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The Army biowarfare lab that tests pathogens like Ebola and the plague failed a safety inspection
Research at an Army lab that tests infectious diseases like the Ebola virus has been temporarily shut down after a federal agency found safety concerns within the facility, so that's exciting to think about.
Research conducted by the U.S. Army Medical Research Institute of Infectious Diseases (USAMRIID) was halted after the Centers for Disease Control and Prevention (CDC) found that the lab "failed to meet biosafety standards," as first reported by The Frederick News-Post.
The research that has been suspended involves "select agents," the New York Times reports, including the plague, Ebola, smallpox, and other pathogens the government has found to have "the potential to pose a severe threat to public, animal or plant health or to animal or plant products."
The CDC inspected the military research institute in June and found "several areas of concern in standard operating procedures, which are in place to protect workers in biosafety level 3 and 4 laboratories," USAMRIID spokeswoman Caree Vander Linden told the News-Post.
According to the CDC, things studied in a biosafety level 3 lab "can be either indigenous or exotic, and they can cause serious or potentially lethal disease through respiratory transmission."
Biosafety level 4, on the other hand, is the "highest level of biological safety," per the CDC, handling agents which pose the highest risk of infection that is "frequently fatal." At USAMRIID, researchers were working on the Ebola virus in the biosafety level 4 lab.
The CDC found that at the lab lacked periodic recertification training for personnel who worked in the biocontainment laboratories. In addition, there was a "failure to follow local procedures" and a wastewater decontamination system deemed below standards, the News-Post reported.
When the lab received its cease and desist letter in July, researchers were working on agents that cause a rare infectious disease, tularemia, as well as Venezuelan equine encephalitis, per the News-Post.
Oh, and also the plague.
Fortunately, Vander Linden told the Times that while the CDC found leaks, they were inside the lab, meaning that no pathogens has escaped the lab into the outside world.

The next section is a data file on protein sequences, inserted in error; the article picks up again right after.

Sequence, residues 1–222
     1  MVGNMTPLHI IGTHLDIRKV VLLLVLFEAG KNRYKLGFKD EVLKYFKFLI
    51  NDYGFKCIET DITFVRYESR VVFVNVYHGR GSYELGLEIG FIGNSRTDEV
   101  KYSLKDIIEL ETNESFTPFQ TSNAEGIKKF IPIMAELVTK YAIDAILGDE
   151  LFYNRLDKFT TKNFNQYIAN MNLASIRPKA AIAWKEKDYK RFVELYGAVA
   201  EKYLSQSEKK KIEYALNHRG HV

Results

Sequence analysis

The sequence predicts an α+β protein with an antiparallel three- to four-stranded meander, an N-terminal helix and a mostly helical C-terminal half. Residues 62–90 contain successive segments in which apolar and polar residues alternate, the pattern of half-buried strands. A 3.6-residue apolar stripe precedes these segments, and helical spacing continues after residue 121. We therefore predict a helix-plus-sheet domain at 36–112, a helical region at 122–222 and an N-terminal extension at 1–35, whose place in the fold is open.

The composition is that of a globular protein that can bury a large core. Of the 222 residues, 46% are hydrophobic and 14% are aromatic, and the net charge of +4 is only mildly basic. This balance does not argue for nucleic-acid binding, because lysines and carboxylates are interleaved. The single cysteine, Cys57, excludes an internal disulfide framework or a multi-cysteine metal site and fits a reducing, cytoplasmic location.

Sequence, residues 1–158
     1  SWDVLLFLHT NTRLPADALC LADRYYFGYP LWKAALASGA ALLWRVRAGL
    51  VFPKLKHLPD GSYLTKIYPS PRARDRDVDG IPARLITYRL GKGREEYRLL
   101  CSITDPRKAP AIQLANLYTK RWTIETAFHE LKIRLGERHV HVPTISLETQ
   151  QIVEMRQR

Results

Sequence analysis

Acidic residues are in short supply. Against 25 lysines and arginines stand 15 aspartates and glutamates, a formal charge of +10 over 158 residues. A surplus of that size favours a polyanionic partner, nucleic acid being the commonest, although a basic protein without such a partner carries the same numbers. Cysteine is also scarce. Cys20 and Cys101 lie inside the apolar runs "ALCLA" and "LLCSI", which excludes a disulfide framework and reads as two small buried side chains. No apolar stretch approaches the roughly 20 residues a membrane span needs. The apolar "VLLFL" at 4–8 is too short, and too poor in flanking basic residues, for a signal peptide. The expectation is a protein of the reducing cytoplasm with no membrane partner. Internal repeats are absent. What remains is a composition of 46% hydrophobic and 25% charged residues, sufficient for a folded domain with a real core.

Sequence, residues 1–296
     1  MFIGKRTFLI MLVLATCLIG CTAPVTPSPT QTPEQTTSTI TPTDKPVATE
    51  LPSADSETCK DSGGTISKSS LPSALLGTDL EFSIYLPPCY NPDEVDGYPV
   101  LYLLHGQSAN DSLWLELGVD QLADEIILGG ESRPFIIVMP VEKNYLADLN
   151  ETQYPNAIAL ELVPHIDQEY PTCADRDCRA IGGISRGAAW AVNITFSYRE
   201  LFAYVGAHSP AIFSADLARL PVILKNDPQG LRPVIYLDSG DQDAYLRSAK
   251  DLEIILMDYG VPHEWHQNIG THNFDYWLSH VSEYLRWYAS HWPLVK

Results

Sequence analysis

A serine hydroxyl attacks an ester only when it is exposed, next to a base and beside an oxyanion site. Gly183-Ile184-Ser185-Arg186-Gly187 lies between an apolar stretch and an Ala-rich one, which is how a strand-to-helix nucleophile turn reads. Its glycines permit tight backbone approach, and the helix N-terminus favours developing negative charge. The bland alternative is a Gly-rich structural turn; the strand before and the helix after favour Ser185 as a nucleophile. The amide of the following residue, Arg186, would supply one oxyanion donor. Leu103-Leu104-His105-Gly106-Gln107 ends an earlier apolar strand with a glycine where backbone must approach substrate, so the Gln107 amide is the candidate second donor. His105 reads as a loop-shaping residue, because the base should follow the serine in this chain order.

Employees of the lab are still working on some other projects, according to the Times, just not on those "select agents."
"USAMRIID will return to fully operational status upon meeting benchmark requirements for biosafety," Vander Linden told the News-Post. "We will resume operations when the Army and the CDC are satisfied that USAMRIID can safely and consistently meet all standards."
USAMRIID has not yet responded to additional inquiries from Task & Purpose, but as of now it seems unlikely that society as we know it will be brought to its knees by a pathogen somehow freed from its laboratory prison.
Enjoy your weekend!
The Taliban may not have breached the walls of Bagram, but they damaged the hell out of its main passenger terminal
Blasts from Taliban car bombs outside of Bagram Airfield on Wednesday caused extensive damage to the base's passenger terminal, new pictures released by the 45th Expeditionary Wing show.
The pictures, which are part of a photo essay called "Bagram stands fast," were posted on the Defense Visual Information Distribution Service's website on Thursday.
Editor's Note: The following is an op-ed. The opinions expressed are those of the author, and do not necessarily reflect the views of Task & Purpose.
Shortly after seven sailors died aboard USS Fitzgerald when she collided with a merchant ship off Japan in 2017, I wrote that the Fitzgerald's watch team could have been mine. My ship had once had a close call with me on watch, and I had attempted to explain how such a thing could happen. "Operating ships at sea is hard, and dangerous. Stand enough watches, and you'll have close calls," I wrote at the time. "When the Fitzgerald's investigation comes out, I, for one, will likely be forgiving."
So, am I forgiving? Yes — for some.
Editor's note: a version of this story first appeared in 2015.
Most people haven't heard of an elderly Belgian-Congolese nurse named Augusta Chiwy. But students of history know that adversity and dread can turn on a dime into freedom and change, and it's often the most humble and little-known individuals who are the drivers of it.
During the very darkest days of the Battle of the Bulge in World War II, Chiwy was such a catalyst, and hundreds of Americans lived because of her. She died quietly on Aug. 23, 2015, at the age of 94 at her home in Brussels, Belgium, and had it not been for the efforts of my friend — British military historian Martin King — the world may never have heard her astonishing story.
More than $20 million of the Pentagon aid at the center of the impeachment fight still hasn't reached Ukraine.
The continued delay undermines a key argument against impeachment from President Trump's Republican allies and a new legal memo from the White House Office of Management and Budget.
Average pay, housing and subsistence allowances will increase for members of the military in 2020, the Pentagon announced Thursday.